Headshot photo of Claudio V. Mello, M.D., Ph.D.

Claudio V. Mello, M.D., Ph.D.

  • Professor of Behavioral Neuroscience, School of Medicine
  • Behavioral Neuroscience Graduate Program, School of Medicine
  • Neuroscience Graduate Program, School of Medicine


Claudio Mello earned an M.D. in Brasilia, Brazil, and a Ph.D. in molecular neurobiology at Rockefeller University, New York City. His broad interests relate to understanding the molecular genetic and neuronal basis of learned behaviors. His research program is centered on investigating the biology of vocal learning, a behavioral trait that enables speech and language acquisition in humans. Vocal learning is quite rare among mammals, but is very prominent in three bird groups: songbirds, parrots and hummingbirds. To study vocal behavior and related brain pathways in these avian vocal learners, the Mello lab utilizes molecular techniques, comparative and functional genomics, neuroanatomical tract-tracing and behavioral approaches in representative species, most notably zebra finches. Research in the Mello lab has been funded through grants from the NIH (NIDCD, NIGMS, NINDS), NSF and MRF of Oregon.


Besides numerous studies on the molecular and anatomical organization of avian vocal control and vocal learning systems, the Mello lab has actively participated in several collaborative and resource building efforts. This includes the consortium that led to changes in the Avian Brain Nomenclature, the SoNG consortium that developed genomics resources for zebra finches (brain cDNA, BAC libraries and microarrays), the collaborative effort to sequence and annotate the zebra finch genome, and the Avian Phylogenomics Consortium that redefined avian phylogeny based on genomic data. Among other contributions, these collaborations have helped define avian gene losses and lineage-specific gains, as well as led to the discovery of convergent molecular specializations of vocal areas in songbirds and humans. The lab is also involved in collaborative efforts to develop gene manipulation tools in zebra fiches, funded through an EDGE grant from NSF (with E. Jarvis at Rockefeller Univ., and C. Lois and T. Velho at Caltech), and to elucidate neural and molecular mechanisms associated with vocal learning in bats (with C. Portfors at WSU, and M. Yartsev at Berkeley).

A major effort in the Mello lab has been to characterize the expression profiles of brain-expressed genes in zebra finches. Accordingly, we have developed the Zebra finch Expression Brain Atlas (ZEBrA; www.zebrafinchatlas.org) an online and expanding database of high resolution digital in situ hybridization images of brain expressed genes (>700), with reference to a histological atlas. ZEBrA contains numerous molecular markers of vocal nuclei, representing candidate regulators of unique features of vocal learning behavior and related brain pathways. ZEBrA also contains numerous markers of broad brain areas, thus contributing to studies of comparative vertebrate neuroanatomy and brain evolution. Through specific portals and an attributes tool, ZEBrA provides information on how genes are associated with speech and language function, human genetic disorders (OMIM-based), mouse neurological and behavioral phenotypes (MGI-based), and brain expression patterns in mammals (based on Allen Institute’s mouse brain atlas). ZEBrA has been funded through resource building R24 grants from the NIH/NIGMS, as well as a pilot R03 grant from the NIH/NINDS, as well as benefitted from other grants to the Mello lab from the NIH/NIDCD and from NSF.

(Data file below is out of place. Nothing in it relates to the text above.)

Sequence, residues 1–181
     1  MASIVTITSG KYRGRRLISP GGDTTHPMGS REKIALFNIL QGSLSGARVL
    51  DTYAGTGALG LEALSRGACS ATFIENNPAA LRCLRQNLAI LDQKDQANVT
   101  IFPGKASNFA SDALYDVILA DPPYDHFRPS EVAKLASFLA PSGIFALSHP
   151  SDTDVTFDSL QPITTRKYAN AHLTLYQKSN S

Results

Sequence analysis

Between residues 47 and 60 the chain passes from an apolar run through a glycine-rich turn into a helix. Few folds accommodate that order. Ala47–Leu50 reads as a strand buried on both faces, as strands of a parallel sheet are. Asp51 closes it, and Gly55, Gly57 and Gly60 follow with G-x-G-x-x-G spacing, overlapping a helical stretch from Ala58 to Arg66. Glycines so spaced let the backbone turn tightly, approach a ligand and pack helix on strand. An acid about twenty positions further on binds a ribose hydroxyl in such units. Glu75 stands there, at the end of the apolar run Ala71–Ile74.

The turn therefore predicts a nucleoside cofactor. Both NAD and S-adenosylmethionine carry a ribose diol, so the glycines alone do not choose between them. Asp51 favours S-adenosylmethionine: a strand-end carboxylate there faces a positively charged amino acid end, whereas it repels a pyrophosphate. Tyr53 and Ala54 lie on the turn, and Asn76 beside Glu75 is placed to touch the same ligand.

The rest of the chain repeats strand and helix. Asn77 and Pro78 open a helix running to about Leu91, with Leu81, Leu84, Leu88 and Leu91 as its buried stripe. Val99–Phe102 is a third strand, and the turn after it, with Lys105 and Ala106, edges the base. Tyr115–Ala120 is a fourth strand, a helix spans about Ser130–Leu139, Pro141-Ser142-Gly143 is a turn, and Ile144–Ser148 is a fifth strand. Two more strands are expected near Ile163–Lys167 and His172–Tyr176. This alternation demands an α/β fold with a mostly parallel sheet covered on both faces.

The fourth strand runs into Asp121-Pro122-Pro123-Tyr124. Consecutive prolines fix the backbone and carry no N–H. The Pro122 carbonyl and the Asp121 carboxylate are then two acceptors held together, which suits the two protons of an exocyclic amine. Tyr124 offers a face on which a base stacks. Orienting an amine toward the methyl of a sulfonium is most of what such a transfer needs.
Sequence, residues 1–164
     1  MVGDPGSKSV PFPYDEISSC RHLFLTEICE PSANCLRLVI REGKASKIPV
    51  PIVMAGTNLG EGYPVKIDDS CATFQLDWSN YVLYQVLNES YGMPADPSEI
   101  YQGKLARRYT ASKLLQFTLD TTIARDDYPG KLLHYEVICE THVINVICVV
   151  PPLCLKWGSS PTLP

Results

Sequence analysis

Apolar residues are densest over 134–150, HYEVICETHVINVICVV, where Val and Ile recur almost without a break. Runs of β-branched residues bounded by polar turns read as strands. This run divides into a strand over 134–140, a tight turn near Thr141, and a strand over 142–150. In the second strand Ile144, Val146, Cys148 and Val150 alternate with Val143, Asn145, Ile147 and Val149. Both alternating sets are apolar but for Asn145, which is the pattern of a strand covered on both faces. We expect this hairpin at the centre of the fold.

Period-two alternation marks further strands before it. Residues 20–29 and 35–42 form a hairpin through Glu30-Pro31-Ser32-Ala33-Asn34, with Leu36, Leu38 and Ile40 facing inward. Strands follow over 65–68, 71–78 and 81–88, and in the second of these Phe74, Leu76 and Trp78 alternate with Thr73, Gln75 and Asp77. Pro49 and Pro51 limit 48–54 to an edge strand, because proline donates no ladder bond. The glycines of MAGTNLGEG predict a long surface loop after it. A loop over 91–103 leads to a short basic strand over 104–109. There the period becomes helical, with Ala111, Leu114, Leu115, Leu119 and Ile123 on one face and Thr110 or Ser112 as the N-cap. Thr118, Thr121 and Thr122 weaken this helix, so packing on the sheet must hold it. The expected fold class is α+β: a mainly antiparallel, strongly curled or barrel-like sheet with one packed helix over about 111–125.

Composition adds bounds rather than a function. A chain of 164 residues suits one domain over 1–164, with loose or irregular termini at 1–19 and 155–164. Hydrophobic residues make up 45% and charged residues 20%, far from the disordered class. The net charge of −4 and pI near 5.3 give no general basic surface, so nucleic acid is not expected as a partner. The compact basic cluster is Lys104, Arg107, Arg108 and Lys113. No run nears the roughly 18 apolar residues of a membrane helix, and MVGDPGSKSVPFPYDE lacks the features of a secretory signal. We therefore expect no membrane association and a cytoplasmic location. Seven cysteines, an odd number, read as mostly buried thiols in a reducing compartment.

In 2018, a parrot genome study led by Dr. Mello reveals genes associated with cognition and longevity. The discovery was covered in The New York Times, New ScientistThe Portland Business Journal and an outlet in Brazil.

Also in 2018, Dr. Mello’s research revealed a species of hummingbird with a call well above the known hearing range of any bird species ever recorded. By understanding the mechanism of hearing in such a high range, it may be possible to apply this knowledge to people. The discovery was featured in The New York Times, Nature, National Geographic and Popular Science.

Education and training

    • M.D., 1988, University of Brasilia
    • Ph.D., 1993, The Rockefeller University

Areas of interest

  • Neuroethology
  • Molecular neuroscience
  • Speech and Language
  • Vocal learning
  • Central auditory processing
  • Learning and memory
  • Neurogenomics



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